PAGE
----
Drew’s Review: Lil Wayne continues to reach new lows

Drew Hagge, Music Columnist

Believe it or not, Lil Wayne has been consistently releasing music for the better part of 20 years now.

Wayne was a mere 17 years old when his first album, “Tha Block is Hot” went platinum, selling over 1 million records in the U.S. alone.

His career can be divided into three distinct sections.

We can label the first section, from 1999-2005, “The Best Rapper Alive.” This section spans from “Tha Block is Hot” to “Tha Carter II,” undoubtedly showcasing Wayne’s most consistent greatness.

Here, Lil Wayne forced himself into the best-rapper-at-the-time conversation, which featured the likes of Kanye West, 50 Cent and Jay-Z.

The second phase of his career spans roughly from 2006-2011. Most notably, Wayne released both “Tha Carter III” and “Tha Carter IV” during this period. However, it was during this second phase that he became affectionately known as “the punchline king.”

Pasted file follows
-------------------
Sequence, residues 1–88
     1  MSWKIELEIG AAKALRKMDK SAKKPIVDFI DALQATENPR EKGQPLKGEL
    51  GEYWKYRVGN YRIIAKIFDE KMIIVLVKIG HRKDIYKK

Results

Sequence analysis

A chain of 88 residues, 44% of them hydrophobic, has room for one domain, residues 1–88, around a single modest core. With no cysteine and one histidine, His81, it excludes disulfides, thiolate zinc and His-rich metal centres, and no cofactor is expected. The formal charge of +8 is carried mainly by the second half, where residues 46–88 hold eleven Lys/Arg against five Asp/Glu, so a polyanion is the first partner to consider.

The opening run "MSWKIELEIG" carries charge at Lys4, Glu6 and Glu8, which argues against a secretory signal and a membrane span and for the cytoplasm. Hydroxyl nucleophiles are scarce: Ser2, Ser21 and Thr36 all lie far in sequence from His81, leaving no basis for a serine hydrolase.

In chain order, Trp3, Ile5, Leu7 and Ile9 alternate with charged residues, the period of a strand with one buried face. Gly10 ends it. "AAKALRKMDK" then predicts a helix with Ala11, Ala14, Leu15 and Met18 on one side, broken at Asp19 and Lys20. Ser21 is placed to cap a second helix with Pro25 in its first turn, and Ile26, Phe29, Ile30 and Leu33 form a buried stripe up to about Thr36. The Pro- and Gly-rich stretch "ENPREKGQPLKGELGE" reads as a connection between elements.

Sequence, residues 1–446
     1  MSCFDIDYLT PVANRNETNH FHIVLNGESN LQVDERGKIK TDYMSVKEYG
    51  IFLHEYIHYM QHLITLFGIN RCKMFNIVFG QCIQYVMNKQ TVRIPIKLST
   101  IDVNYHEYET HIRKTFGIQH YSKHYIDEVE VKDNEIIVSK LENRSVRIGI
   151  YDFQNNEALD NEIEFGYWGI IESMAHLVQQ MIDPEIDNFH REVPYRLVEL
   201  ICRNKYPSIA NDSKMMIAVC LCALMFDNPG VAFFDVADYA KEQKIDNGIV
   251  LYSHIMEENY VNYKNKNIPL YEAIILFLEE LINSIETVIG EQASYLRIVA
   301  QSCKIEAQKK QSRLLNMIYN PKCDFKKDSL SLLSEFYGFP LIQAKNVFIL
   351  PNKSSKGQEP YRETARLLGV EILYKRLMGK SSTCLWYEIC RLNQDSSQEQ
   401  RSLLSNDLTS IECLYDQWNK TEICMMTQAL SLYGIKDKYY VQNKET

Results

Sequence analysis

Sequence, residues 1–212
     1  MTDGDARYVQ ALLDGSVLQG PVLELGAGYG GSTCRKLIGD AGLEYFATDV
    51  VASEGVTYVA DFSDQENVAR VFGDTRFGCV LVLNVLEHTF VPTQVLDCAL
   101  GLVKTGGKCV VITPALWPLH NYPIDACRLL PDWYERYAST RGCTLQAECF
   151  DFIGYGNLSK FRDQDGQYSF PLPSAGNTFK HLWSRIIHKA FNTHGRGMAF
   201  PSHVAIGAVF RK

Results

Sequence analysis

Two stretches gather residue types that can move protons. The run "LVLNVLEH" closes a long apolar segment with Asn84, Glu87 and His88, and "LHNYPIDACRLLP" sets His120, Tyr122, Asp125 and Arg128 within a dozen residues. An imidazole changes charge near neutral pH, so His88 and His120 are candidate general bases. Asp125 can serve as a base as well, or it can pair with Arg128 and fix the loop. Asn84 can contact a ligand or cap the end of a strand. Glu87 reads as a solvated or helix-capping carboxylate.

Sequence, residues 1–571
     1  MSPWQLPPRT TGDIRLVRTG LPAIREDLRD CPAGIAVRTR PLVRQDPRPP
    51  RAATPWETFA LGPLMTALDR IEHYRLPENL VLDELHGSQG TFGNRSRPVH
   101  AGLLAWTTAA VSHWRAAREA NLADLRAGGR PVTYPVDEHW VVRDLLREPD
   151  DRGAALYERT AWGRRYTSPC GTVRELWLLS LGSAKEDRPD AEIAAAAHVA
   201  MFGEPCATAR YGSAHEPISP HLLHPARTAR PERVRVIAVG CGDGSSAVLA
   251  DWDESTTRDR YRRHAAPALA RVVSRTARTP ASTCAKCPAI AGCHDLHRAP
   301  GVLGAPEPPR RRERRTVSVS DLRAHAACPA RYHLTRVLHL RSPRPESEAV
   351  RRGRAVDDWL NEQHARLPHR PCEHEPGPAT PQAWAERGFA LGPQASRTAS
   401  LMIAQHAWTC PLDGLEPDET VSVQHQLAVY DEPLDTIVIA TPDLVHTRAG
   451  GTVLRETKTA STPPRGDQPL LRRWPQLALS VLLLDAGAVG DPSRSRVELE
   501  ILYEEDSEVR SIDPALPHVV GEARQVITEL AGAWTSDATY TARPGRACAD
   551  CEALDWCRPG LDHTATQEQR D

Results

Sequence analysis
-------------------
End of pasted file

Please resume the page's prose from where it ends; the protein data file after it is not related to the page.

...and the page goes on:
I mean, without punchline-Wayne, would anybody’s ears have ever been blessed with the “Real Gs move in silence like the lasagna” line? No, of course not.

However, the decline from his first to the second phase is significant. The complete absence of any storytelling coupled with his reliance on auto-tune transformed Wayne from one of hip-hop’s most promising acts to any run-of-the-mill rapper, while he still maintained a larger-than-life personality.

The final stage ranges from 2012 to the present. This stage contains nearly bottomless lows that have pushed Lil Wayne’s career closer and closer to irrelevance with every passing song and feature verse.

Unfortunately, during this period, Lil Wayne is known more for his falling out with Cash Money Records’ cofounder, Birdman, than any music he’s released.